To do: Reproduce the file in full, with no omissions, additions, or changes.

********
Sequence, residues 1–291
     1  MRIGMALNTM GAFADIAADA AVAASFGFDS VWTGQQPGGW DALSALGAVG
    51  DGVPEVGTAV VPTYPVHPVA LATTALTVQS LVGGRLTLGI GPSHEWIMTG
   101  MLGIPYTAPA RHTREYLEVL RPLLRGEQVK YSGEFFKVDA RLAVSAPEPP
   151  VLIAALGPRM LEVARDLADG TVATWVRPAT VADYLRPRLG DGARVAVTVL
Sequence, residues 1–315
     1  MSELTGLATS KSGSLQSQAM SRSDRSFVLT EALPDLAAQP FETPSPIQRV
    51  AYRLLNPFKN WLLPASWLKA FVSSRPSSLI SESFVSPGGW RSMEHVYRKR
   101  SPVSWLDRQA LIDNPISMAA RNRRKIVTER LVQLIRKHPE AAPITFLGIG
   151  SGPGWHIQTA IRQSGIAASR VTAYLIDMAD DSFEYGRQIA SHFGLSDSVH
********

Sequence, residues 1–291
     1  MRIGMALNTM GAFADIAADA AVAASFGFDS VWTGQQPGGW DALSALGAVG
    51  DGVPEVGTAV VPTYPVHPVA LATTALTVQS LVGGRLTLGI GPSHEWIMTG
   101  MLGIPYTAPA RHTREYLEVL RPLLRGEQVK YSGEFFKVDA RLAVSAPEPP
   151  VLIAALGPRM LEVARDLADG TVATWVRPAT VADYLRPRLG DGARVAVTVL
Sequence, residues 1–315
     1  MSELTGLATS KSGSLQSQAM SRSDRSFVLT EALPDLAAQP FETPSPIQRV
    51  AYRLLNPFKN WLLPASWLKA FVSSRPSSLI SESFVSPGGW RSMEHVYRKR
   101  SPVSWLDRQA LIDNPISMAA RNRRKIVTER LVQLIRKHPE AAPITFLGIG
   151  SGPGWHIQTA IRQSGIAASR VTAYLIDMAD DSFEYGRQIA SHFGLSDSVH